For several months prior to this trip to Haiti, I began following the Livesay Weblog. They are a Minnesota family that lives in Port au Prince and works with Heartline Ministries. Tara (and occasionally Troy) document their experiences and share a true picture of their life in this land. They have biological children and adopted children and they tell the tales of their family life with honesty and inspiration.
Their blog was probably most influential in preparing us for our time here. We had a glimpse of what to expect from their posts about the people and the poverty and the work of short term and long term missions. We arrived knowing that we needed to come with open hearts and a willingness to learn and love. We left our agendas at home and came to Haiti to become immersed in this life.
Today we actually had the opportunity to meet with Troy and tour the programs and facilities that make up Heartline Ministries. What a blessing! He showed us around with kindness and patience, giving explanations as we went. Heartline’s intent is to provide education and empowerment to women, in order to help them raise their babies and become self-sufficient. We met with Beth McHoul, one of the founders of this ministry (she has lived and worked in Haiti for 21 years!) and you could immediately feel her passion and joy for her work. We saw mamas and their babes leaving their child-development class, seamstresses working on pillows, an artisan making beads for a necklace, a nurse giving a medical exam, babies sleeping in brightly colored-cozy bedrooms, young mothers nursing their little ones, a chicken coop/fish pond/rooftop garden and a “Haitian Creations” gift shop where Bree found a few treasures.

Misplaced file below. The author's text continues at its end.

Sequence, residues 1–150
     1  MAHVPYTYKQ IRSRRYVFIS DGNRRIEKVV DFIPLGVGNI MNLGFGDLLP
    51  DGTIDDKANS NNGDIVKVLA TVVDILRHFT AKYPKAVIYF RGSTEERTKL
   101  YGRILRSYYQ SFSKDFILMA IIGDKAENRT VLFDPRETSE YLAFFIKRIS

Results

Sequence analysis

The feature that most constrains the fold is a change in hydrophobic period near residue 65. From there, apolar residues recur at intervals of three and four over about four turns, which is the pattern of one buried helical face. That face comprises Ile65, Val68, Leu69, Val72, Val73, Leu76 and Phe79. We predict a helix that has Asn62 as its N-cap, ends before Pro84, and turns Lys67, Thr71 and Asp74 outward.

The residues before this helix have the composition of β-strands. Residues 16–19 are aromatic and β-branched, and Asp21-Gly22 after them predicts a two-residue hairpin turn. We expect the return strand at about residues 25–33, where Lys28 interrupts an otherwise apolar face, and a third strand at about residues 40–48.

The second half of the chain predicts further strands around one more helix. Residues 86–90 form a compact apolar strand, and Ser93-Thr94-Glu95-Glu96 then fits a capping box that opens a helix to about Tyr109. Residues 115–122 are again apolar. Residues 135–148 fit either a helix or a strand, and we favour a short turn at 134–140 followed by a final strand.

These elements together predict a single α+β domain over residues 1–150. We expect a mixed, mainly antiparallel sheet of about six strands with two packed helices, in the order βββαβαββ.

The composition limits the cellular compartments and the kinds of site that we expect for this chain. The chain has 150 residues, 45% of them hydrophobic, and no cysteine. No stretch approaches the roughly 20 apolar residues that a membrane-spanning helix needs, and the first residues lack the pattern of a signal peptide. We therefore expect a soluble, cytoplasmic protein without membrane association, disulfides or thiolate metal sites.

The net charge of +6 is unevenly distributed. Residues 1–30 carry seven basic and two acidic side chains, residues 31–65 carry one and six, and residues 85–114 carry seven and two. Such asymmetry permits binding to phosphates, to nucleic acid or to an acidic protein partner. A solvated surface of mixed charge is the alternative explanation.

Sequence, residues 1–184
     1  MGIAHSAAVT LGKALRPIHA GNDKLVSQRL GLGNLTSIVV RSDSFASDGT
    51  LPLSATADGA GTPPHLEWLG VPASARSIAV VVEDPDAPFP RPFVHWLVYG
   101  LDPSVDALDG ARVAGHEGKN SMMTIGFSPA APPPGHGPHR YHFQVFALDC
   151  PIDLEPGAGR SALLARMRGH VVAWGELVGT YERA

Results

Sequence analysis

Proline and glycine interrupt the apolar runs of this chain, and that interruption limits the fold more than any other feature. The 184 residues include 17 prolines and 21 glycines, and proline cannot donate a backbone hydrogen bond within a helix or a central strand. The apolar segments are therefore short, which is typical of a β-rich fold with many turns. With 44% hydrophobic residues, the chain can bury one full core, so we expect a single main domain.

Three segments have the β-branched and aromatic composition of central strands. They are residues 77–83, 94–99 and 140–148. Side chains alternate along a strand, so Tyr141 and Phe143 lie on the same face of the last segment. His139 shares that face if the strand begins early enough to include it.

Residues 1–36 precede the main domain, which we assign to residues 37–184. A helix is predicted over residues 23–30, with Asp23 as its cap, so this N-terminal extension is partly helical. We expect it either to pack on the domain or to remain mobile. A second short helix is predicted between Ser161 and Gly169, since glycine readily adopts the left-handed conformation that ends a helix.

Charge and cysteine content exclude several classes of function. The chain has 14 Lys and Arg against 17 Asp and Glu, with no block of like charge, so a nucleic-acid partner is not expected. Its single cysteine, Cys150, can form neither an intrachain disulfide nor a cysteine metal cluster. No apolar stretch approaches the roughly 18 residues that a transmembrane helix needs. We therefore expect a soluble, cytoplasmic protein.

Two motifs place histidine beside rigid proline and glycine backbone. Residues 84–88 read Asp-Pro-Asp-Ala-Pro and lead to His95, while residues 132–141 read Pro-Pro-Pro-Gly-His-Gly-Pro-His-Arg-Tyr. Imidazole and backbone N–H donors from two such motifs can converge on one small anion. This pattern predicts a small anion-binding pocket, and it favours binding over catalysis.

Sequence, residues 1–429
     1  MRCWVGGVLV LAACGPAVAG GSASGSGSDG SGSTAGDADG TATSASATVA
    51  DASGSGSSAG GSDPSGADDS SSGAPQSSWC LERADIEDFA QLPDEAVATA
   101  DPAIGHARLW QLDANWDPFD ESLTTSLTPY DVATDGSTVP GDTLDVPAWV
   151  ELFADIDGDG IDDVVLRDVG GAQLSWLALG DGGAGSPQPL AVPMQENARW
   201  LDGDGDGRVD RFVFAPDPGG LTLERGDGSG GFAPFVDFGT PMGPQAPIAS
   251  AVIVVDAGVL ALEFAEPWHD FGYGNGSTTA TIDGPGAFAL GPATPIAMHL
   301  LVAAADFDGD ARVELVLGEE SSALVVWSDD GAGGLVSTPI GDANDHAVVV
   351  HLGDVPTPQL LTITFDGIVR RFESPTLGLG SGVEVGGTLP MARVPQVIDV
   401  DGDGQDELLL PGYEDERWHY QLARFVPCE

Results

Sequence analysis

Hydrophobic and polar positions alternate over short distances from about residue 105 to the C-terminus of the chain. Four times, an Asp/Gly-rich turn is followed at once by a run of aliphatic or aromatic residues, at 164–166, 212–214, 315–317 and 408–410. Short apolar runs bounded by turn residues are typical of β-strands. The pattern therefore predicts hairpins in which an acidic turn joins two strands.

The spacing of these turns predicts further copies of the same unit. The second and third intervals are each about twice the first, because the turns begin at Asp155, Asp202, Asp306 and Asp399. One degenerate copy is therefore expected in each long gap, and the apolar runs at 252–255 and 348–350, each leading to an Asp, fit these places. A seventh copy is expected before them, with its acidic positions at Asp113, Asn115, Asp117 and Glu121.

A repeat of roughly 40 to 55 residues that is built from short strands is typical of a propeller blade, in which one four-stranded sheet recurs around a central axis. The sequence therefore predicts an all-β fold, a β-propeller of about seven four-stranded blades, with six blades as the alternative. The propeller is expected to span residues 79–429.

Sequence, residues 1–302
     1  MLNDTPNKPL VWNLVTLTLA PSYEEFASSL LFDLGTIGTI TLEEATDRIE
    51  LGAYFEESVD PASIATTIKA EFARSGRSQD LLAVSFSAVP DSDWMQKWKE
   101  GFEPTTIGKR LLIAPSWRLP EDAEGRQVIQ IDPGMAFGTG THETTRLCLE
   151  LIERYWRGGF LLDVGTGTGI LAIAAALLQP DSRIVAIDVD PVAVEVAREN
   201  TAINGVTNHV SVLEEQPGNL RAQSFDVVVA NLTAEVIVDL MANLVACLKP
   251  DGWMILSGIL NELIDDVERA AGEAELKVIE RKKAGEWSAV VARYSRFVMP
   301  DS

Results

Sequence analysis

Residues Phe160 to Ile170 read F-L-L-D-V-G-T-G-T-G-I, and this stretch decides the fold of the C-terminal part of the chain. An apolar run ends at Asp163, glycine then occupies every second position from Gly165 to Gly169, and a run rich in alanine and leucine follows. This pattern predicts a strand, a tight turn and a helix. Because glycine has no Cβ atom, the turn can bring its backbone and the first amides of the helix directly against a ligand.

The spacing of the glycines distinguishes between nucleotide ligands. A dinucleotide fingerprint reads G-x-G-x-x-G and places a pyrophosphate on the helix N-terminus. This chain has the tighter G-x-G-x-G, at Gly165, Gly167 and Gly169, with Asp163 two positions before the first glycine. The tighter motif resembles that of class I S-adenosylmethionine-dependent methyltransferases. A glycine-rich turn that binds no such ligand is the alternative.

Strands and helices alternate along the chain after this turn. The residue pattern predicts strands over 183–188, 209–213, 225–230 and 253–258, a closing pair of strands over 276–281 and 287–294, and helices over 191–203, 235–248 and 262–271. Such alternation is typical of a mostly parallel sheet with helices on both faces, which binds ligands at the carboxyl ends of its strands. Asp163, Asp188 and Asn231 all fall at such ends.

Our conversation on the way home centered around the needs of the people of Haiti and the lack of support from some of this country’s own. It was bothering Rock that some of those with “means” in this place are not giving back to those in need. He shared how those with little are often the most generous, sharing a meal or whatever a friend may need, yet many of the ones with much give so little back to help. It makes me ponder what we as Christians are called to do… “to him whom much has been given, much is required.” Am I giving enough? How am I to respond to the needs that I may see in my own neighborhood or city or country? It has opened my eyes to the needs here, but how do I take this home? How will it make me live on a day-to-day basis? I hope I do not forget. I hope my heart will be open.